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    Seeking Public Input!

    Arthur R. Marshall Loxahatchee National Wildlife Refuge is seeking public input on its draft compatibility determination.

    Compatibility Determination

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    The Endangered Snail Kite

    The endangered snail kite helps the refuge by eating both native and non-native apple snails.

    Snail Kite

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    Everglades Water Quality

    To see the glory of pristine water quality, you must view the water through the shoots and roots of native Everglades flora.

    Everglades Water Quality

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    Fire Management

    Fire is an important part of Florida’s natural ecology. Prescribed burning seeks to reproduce the positive effects of natural wildfires.

    Fire Management


Volunteer at Arthur R. Marshall Loxahatchee NWR


Become a volunteer at the refuge today to help conserve and protect our nations' wildlife and teach thousands of visitors that their actions today determine the conservation legacy of tomorrow.

Get Involved

About the Complex

Arthur R. Marshall Loxahatchee Refuge Complex

The Arthur R. Marshall Loxahatchee Refuge Complex is composed of two national widlife refuges in southeastern Florida.

Arthur R. Marshall Loxahatchee is managed as part of the Arthur R. Marshall Loxahatchee Refuge Complex.

Learn more about the complex 

About the NWRS

National Wildlife Refuge System


The National Wildlife Refuge System, within the U.S. Fish and Wildlife Service, manages a national network of lands and waters set aside to conserve America’s fish, wildlife, and plants.

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On the Refuge

  • Comment Period For Public Use Opportunities in Strazzulla

    September 25, 2015

    Arthur R. Marshall Loxahatchee National Wildlife Refuge is seeking public input on proposed public uses for the 2,586-acre Strazzulla Marsh. Public comments on proposed public uses must be submitted by September 25th, 2015.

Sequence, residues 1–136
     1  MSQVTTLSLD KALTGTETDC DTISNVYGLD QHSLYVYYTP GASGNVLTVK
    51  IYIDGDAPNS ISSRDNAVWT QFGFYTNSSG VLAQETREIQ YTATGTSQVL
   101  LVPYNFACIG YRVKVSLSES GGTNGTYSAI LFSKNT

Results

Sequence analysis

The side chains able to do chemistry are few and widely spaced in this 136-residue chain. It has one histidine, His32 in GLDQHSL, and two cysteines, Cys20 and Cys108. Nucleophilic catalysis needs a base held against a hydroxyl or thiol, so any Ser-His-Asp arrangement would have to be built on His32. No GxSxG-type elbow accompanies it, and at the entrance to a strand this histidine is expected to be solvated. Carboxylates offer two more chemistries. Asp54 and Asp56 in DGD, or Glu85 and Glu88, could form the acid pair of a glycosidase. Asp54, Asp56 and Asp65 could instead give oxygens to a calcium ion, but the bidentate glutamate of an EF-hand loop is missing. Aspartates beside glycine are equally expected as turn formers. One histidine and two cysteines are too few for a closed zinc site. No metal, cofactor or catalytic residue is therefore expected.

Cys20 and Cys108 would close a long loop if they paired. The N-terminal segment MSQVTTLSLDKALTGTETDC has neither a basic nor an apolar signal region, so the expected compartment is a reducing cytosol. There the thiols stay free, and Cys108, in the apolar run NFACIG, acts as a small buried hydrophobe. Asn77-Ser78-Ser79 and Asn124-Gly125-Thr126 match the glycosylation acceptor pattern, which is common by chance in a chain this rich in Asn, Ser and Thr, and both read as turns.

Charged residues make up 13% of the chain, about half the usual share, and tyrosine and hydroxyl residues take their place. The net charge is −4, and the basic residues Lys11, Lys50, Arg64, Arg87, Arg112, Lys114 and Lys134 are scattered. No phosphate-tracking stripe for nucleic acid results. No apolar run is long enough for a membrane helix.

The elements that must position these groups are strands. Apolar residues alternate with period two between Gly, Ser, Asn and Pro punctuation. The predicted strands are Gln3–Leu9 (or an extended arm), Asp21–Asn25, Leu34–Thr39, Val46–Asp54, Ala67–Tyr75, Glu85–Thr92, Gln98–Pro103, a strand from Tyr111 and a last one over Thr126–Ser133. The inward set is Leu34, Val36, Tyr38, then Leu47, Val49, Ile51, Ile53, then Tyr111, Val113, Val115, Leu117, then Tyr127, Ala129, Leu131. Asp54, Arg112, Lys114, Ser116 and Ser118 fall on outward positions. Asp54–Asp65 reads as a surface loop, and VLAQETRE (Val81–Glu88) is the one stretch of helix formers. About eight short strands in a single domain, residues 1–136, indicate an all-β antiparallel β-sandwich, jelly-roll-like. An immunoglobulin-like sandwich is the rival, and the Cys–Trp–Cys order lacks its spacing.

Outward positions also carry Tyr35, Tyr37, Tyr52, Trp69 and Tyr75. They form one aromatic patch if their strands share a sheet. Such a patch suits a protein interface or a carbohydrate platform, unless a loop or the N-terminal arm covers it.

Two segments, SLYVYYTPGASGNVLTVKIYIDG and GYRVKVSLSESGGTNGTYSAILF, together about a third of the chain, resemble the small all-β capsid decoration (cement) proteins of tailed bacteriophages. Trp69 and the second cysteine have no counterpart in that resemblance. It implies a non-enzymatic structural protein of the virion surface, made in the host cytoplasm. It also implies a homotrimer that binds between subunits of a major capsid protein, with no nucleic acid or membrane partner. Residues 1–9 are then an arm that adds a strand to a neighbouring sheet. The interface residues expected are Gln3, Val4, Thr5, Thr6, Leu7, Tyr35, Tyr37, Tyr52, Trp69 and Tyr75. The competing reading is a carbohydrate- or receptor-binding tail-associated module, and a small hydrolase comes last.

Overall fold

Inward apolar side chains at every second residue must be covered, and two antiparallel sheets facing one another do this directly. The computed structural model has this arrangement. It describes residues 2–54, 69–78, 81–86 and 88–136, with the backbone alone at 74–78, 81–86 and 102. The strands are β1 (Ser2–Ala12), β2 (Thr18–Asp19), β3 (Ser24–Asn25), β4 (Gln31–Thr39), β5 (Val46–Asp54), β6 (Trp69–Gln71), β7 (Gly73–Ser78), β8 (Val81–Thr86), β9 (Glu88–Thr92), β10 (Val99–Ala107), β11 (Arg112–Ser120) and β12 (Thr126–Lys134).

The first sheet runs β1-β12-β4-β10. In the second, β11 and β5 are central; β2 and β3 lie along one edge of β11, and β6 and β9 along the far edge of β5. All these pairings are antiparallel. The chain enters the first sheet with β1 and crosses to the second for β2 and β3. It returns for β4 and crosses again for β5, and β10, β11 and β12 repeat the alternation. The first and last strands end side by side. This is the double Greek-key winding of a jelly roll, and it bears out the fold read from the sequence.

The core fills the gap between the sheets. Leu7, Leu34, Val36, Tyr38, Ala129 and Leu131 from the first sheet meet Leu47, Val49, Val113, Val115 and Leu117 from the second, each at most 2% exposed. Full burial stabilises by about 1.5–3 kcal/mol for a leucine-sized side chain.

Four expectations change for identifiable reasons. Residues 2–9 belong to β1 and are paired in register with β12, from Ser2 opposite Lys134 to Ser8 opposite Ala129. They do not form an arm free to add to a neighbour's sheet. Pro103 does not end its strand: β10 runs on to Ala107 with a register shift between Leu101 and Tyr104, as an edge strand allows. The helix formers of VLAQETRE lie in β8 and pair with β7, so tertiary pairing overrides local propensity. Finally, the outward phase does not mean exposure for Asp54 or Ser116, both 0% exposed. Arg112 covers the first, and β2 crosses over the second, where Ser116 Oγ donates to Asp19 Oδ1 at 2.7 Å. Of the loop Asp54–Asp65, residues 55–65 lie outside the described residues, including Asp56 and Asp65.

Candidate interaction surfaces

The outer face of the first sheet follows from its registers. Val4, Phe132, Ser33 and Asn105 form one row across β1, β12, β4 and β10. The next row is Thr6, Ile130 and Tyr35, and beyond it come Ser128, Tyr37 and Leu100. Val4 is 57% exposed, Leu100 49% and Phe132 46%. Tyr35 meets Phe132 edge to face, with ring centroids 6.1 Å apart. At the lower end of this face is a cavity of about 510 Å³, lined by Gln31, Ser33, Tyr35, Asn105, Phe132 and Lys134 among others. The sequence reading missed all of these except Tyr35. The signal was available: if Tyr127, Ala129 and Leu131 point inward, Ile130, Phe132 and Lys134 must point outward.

Learn More
  • Seeking Public Input on Refuge's Compatibility Determination

    Arthur R. Marshall Loxahatchee National Wildlife Refuge is seeking input on proposed expansion of public access in the form of walking, hiking, and biking on the A, B, C impoundments as well as on the L-40, L-39, and L-7 Levees.

    Learn More
  • Invasive species create an imbalance in the ecosystem


    An invasive species is one that is not native to an ecosystem and which causes, or is likely to cause, economic or environmental harm or harm to human health. Invasive species are harmful to our natural resources (fish, wildlife, plants and overall ecosystem health) because they disrupt natural communities and ecological processes. This causes harm to the native species because they are forced to compete with a new species for the same resources (food, water, shelter, etc.). The invasive species typically outcompete the native species for food and habitats and sometimes even cause their extinction. Even if the native species are not completely eliminated, the ecosystem often becomes much less diverse. A less diverse ecosystem is more susceptible to further disturbances from diseases and natural disasters.

    Invasive Species Management
  • Distinct Habitats of the Refuge


    The Arthur R. Marshall Loxahatchee National Wildlife Refuge is 143,954 acres of northern Everglades wetlands located in Palm Beach County. The native vegetative communities of the Everglades ecosystem found on the Refuge include a mosaic of wet prairies, sawgrass ridges, sloughs, tree islands, cattail communities, and a 400 acre cypress swamp, which is the largest intact cypress area remaining in the eastern Everglades system. These communities were historically rainfall driven and had low nutrient levels.

Page Photo Credits — All photos courtesy of USFWS unless otherwise noted., Snail kite - Lance Warley, Nile monitor - FWC
Last Updated: Aug 18, 2015
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